Sports Medicine Research: In the Lab & In the Field: Anterior Cruciate Ligament Infections after Surgery (Sports Med Res)
Thursday, October 31, 2013

Anterior Cruciate Ligament Infections after Surgery

Incidence of postoperative anterior cruciate ligament reconstruction infections: Graft choice makes a difference

Maletis G, Inacio M, Reynolds S, Desmond J, Maletis M, Funahashi T. Am J Sports Med. 2013;41(8):1780-1785.

Take Home Message: There is a low risk of surgical site infection after an ACL reconstruction.  Patients with a hamstring autograft may be at higher risk for surgical site infections than patients with a bone-patellar tendon-bone autograft.

Infection is always a concern after surgery.  Although uncommon, post-operative infections after an anterior cruciate ligament (ACL) reconstruction can be devastating. Graft selection may influence the rate of infection, if this can be verified then it may help clinicians better explain to patients the risks and benefits associated with each graft choice. The purpose of this study was to determine the incidence of superficial and deep surgical site infections (SSIs) after ACL reconstruction.  Furthermore, Maletis and colleagues analyzed data from the Kaiser Permanente Anterior Cruciate Ligament Reconstruction Registry, a large community-based cohort, and evaluated if patient demographic characteristics or graft type were associated with SSIs. In the analyses, the authors included patients that received a primary ACL reconstruction that used a bone-patellar tendon-bone autograft, hamstring tendon autograft, or allograft between February 2005 and September 2010.  The researchers performed a chart review of all participants and classified any SSI as either superficial or deep.  A superficial SSI occurred within 30 days of surgery, involved the skin and subcutaneous tissue and had at least one of the following: purulent drainage (pus), cultured organisms, signs or symptoms of infection, or a diagnosis of infection from a physician.  The infection was deep if it occurred up to a year after surgery, involved deep tissues, and had at least one of the following: purulent drainage (pus), incision spontaneously dehisces or is opened surgically and has a positive culture, signs or symptoms of infection, presence of an abscess, other evidence of infection, or diagnosis of infection.  Among the 10,626 patients included in this study, 51 patients developed an infection, 34 deep and 17 superficial.  Hamstring tendon autografts had the highest rate of overall SSI (0.74%) as well as deep infection (0.61%) compared with knees that received a bone-patellar tendon-bone autograft (0.34%, 0.07%; respectively) or allograft (0.39%, 0.25%; respectively).  Staphylococcus was the most commonly identified organism occurring in 56% of deep infections and in 77% of superficial infections.  Finally, individuals with a higher body-mass index (BMI) were more likely to develop a superficial SSI.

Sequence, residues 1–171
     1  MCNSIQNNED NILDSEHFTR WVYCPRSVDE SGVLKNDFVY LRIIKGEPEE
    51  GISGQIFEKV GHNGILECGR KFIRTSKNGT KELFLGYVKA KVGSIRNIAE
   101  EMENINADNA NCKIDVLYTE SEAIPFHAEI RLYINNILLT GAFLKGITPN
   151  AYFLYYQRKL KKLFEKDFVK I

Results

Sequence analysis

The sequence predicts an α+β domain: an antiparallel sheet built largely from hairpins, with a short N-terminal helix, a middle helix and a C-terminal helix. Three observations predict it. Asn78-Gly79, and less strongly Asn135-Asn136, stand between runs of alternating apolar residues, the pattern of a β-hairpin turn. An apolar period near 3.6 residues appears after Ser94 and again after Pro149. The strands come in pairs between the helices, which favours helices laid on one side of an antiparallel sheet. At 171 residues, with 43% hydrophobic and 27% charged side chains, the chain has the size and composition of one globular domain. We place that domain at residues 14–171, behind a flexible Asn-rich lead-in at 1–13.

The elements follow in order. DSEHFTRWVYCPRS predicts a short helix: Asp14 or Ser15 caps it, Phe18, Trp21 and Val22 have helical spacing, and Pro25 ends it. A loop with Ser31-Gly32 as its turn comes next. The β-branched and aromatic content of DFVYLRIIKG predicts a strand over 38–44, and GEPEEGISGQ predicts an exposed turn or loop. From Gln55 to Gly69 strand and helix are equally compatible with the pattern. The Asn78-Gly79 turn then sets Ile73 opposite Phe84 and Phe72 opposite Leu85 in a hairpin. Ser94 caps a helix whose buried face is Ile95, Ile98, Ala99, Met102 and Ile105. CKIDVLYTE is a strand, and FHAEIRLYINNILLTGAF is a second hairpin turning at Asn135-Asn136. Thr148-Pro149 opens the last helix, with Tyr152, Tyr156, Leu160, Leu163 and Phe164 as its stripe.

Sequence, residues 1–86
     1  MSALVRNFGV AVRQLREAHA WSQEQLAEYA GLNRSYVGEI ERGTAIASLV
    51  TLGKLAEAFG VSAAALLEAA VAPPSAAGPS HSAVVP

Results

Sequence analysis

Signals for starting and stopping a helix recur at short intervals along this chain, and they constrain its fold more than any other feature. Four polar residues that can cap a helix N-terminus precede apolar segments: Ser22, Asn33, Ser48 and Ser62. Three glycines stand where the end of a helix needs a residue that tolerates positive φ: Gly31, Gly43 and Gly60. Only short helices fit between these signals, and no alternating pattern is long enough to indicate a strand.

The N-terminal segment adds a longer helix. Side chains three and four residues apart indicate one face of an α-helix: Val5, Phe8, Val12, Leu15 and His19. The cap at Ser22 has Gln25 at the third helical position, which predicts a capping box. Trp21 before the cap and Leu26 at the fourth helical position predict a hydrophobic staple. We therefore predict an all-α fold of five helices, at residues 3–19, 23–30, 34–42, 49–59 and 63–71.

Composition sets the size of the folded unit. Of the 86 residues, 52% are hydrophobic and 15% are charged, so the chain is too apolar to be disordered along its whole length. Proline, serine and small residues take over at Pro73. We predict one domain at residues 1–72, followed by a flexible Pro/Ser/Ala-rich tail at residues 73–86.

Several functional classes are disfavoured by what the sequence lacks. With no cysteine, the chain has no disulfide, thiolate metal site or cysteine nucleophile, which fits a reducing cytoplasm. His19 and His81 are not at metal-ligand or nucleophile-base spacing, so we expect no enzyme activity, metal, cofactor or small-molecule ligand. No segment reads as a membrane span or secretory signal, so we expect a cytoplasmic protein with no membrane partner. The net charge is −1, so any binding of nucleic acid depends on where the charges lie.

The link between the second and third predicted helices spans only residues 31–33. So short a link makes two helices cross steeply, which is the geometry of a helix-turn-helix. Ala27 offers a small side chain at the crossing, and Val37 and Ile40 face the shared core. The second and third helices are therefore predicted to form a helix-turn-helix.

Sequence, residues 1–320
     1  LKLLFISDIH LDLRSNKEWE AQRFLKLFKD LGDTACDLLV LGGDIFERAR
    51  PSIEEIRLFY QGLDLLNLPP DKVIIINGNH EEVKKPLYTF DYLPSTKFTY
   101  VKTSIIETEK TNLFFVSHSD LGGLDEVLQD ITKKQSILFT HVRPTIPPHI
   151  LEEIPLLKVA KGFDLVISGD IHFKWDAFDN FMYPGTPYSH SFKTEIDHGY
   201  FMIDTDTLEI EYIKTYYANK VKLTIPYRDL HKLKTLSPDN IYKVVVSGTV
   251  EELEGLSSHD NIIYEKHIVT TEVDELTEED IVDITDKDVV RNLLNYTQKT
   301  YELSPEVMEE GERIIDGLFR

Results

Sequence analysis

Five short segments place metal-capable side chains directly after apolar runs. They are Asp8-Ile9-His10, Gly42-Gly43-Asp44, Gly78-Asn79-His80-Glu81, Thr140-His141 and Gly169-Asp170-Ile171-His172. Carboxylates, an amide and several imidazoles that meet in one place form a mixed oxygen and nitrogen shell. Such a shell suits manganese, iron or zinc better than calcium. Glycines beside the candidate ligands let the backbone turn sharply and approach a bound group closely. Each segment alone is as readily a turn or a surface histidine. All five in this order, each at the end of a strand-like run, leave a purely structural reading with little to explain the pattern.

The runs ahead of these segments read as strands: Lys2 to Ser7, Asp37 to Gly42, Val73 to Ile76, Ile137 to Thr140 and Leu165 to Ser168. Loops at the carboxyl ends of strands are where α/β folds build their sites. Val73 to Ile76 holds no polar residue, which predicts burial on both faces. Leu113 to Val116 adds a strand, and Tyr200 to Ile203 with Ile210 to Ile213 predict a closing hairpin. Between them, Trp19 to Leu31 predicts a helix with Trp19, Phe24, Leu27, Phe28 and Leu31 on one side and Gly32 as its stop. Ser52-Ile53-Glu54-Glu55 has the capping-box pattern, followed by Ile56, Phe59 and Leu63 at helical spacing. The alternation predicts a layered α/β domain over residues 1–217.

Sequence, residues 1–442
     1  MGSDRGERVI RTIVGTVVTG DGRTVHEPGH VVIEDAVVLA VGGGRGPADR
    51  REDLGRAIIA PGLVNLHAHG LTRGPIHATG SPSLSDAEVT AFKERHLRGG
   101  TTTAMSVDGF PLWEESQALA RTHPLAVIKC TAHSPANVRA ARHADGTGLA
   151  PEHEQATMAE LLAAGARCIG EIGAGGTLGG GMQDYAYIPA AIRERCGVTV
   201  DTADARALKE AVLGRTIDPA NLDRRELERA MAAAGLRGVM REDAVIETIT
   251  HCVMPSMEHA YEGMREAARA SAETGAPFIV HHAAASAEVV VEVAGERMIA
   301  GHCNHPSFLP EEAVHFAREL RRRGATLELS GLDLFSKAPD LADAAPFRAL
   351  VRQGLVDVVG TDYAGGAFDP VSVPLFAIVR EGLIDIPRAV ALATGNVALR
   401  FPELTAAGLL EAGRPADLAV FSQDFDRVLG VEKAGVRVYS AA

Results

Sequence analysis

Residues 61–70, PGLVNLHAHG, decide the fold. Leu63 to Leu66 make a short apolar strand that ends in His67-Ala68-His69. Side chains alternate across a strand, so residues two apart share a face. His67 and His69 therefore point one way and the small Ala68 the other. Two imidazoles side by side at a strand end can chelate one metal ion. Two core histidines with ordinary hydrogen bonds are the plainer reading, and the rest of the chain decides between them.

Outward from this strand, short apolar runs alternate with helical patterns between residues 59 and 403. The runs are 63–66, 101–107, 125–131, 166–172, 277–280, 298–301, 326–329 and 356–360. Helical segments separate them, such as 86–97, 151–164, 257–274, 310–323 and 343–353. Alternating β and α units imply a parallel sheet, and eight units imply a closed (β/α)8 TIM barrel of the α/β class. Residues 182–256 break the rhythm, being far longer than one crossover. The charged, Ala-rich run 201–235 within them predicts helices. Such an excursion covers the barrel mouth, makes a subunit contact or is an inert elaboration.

This study, which had a very low overall rate of infection after ACL reconstruction (0.48%), had a large sample size that selected patients from various regions of the United States allowing the results to be applied to the general population in the United States. However, the authors did not examine functional outcomes of the patients.  This limitation should be considered by clinicians when evaluating this study because hamstring grafts are a common choice for ACL reconstruction and they may promote better functional outcomes (see related posts below). The authors did not identify reasons for infection; therefore, clinicians with patients who are undergoing ACL reconstruction, particularly using a hamstring autograft, should pay close attention to the incision sites for possible infections. Recognizing the four signs of infection, rubor (redness), calor (temperature), dolor (pain) and tumor (swelling), can allow for proper identification of infection sites.  As a clinician, it is important to present to your patient all of the available options and their potential risks and benefits so that they can participate in the choice.  The risk to benefit ratio of a hamstring graft may not be a risk every patient is willing to take. Patients and athletes do not like setbacks; therefore, they need to be well informed and we need to take proper precautions to avoid infection.

Questions for Discussion:  How can we reduce the risk of infections after an ACL reconstruction?  Why do you think there was a higher risk of infection using hamstring autografts?  What do you think are the pros and cons of using each of the different types of grafts?

Written By: Franki Gironda
Reviewed By: Lisa Chinn and Jeffrey Driban

Related Posts:
Patellar Tendon versus Hamstring ACL Autografts – The Value of Meta-Analyses and Systematic Reviews


Maletis GB, Inacio MC, Reynolds S, Desmond JL, Maletis MM, & Funahashi TT (2013). Incidence of postoperative anterior cruciate ligament reconstruction infections: graft choice makes a difference. The American Journal of Sports Medicine, 41 (8), 1780-5 PMID: 23749343

1 comments:

Richard Willy, PT, PhD, OCS said...

Interesting findings. 0.48% infection rate is lower than I would have expected.

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